While on power efficiency, Intel is behind but Medfield shows they can get close enough to put out similar products.

            The 22nm update should then either completely close the gap or reduce it enough to no longer matter.

            While on performance, the difference will remain substantial in Intel’s favor.  ARM is still years away from full 64bit and just adding 64bit memory management won’t close the performance gap for them.

            Giving Intel the advantage of providing a more dynamic range of performance offerings. 

            The idea that this will only be hard for Intel doesn’t factor that it will also be hard for ARM.  So the point of overlap isn’t going to matter where both have traditionally excelled but rather whether they can adapt to what the other has been good at all this time as well.

            While only time will tell how Windows 8 will do and whether it’ll be the first desktop OS to go mainstream in the mobile market or not.

      2. TSMC plans to ramp up its 20nm process at the end of 2012 or the beginning of 2013, so Intel will be under pressure again soon because its process advantage will be gone again. (

        Meanwhile the 28nm production is ramping up quickly and the first Cortex-A15/A7 products should be out in the second half of the year.

        That puts Intel safely back 1year again in performance/w ratio in the ARM/intel competition.

        I don’t see that Intel is closing on that much on ARM. Of course Atom has become much better (mostly due to the process advancements) but the distance between leading ARM and leading low-power Intel is still significant.

        It is not a surprise that fanless x86 tablets are still nowhere to be found (at least not visibly in the hands of people).

        1.  Don’t confuse the plans with actual manufacturing.  It can take up to 2 years from sample production before they get mass produced. Even on time production can take a year to fully ramp up.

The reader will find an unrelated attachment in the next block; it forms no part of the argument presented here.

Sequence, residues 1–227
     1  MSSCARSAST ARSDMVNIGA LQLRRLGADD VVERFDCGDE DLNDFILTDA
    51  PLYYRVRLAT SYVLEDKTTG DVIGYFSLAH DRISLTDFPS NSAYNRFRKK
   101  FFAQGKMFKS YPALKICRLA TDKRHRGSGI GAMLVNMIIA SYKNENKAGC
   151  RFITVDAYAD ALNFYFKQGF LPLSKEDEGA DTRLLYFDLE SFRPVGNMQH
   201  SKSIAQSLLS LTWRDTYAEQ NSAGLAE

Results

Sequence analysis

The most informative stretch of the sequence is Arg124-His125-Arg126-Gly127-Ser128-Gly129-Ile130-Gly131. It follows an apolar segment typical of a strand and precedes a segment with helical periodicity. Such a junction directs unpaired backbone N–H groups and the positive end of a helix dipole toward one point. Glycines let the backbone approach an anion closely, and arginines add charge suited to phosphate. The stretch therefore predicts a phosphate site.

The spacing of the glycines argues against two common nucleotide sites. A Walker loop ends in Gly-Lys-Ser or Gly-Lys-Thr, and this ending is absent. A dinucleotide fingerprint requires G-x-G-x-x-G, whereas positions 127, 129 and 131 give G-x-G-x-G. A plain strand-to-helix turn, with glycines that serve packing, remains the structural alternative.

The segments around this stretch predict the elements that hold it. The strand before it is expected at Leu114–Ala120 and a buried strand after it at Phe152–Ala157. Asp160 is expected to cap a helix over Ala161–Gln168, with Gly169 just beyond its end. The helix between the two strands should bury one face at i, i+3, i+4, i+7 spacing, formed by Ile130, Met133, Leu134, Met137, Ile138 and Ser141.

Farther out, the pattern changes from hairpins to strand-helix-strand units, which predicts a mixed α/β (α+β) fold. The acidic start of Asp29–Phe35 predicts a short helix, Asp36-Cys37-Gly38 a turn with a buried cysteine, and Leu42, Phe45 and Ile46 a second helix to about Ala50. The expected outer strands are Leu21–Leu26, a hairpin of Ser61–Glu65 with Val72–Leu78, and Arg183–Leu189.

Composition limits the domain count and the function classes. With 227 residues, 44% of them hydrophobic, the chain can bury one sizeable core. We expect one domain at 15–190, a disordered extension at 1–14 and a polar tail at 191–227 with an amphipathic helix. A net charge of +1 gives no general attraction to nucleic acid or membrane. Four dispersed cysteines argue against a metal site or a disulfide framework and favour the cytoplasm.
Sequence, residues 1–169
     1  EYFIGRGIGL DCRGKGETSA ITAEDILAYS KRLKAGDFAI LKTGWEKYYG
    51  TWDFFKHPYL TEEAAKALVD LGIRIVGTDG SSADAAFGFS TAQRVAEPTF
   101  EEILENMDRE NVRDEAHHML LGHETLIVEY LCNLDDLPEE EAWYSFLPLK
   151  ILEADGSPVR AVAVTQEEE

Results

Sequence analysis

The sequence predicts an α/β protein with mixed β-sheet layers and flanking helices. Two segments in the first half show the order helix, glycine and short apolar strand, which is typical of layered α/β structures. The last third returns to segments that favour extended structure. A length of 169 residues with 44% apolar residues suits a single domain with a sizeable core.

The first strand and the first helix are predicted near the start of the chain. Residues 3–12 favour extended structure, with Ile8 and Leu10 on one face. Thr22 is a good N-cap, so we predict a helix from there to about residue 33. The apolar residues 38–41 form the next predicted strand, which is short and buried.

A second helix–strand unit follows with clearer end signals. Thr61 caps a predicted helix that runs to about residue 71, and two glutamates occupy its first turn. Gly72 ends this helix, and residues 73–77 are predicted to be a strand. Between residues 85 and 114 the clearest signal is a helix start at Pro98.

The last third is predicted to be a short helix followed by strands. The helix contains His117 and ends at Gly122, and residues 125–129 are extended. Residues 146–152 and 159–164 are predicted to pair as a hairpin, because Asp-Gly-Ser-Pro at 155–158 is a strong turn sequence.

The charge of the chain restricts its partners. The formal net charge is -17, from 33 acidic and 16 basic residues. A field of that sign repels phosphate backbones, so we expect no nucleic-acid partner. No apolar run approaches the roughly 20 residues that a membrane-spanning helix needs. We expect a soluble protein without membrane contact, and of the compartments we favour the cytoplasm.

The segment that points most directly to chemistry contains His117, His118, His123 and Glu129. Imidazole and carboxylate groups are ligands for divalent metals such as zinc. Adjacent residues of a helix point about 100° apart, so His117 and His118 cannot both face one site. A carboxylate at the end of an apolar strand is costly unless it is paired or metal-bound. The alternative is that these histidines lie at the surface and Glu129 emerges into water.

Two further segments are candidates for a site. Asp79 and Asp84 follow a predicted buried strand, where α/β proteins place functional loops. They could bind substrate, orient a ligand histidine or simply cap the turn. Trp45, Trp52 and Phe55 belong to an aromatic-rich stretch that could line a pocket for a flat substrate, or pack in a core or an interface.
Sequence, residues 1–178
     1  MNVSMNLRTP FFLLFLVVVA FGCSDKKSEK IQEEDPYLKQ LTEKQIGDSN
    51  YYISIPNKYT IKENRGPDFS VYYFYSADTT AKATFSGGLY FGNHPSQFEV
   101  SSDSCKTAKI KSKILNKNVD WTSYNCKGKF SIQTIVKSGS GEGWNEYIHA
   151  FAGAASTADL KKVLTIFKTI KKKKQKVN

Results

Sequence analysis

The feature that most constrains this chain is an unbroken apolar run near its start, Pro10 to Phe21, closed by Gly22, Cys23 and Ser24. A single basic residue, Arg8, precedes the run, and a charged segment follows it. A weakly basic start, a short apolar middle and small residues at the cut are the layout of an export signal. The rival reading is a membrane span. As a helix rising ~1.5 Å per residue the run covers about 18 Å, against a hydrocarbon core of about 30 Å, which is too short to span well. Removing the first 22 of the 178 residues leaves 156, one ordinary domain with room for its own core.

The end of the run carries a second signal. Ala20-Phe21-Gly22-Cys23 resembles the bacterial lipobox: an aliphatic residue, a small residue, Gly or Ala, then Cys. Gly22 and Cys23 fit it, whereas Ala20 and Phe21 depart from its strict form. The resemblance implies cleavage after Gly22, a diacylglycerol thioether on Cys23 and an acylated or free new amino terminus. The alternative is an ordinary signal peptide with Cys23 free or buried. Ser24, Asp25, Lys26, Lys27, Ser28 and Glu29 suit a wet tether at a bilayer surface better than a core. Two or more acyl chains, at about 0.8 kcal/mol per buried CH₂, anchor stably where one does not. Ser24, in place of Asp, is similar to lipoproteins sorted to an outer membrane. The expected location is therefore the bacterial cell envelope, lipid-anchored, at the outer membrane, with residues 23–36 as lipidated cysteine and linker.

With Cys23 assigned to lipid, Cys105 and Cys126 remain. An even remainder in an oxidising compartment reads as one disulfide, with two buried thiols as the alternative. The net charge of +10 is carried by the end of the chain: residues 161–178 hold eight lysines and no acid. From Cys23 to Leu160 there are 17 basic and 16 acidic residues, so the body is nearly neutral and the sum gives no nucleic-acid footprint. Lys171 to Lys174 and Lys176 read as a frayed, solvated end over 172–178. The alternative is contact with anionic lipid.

28nm for example was suppose to be out already but many had to resort to 32nm because 28nm isn’t ready yet and 28nm production may need another full year before it reaches full production capacity.

          Besides, TSMC plans to cut some corners and options in order to get 20nm going on time.  So will only offer one flavor of the 20nm, versus 4 that they’re offering for 28nm. 

          So they’ll only be able to do one kind of 20nm chips and not cover the range that most are use to now.  Assuming of course they have no other issues that will further delay production.

          While Intel is going 14nm as soon as 2014 and isn’t going to be cutting any corners, as they will be updating their entire line of chips.

          Also TSMC stated they might have to offer 18nm or 16nm process node after 20nm if lithography technology is not available to make 14nm devices cost effectively.  So Intel’s lead with 14nm may last even longer than it’s 22nm lead.

  3. may be with arm devices …. question is if the market will accept these windows-non legacy devices or not and to which extent.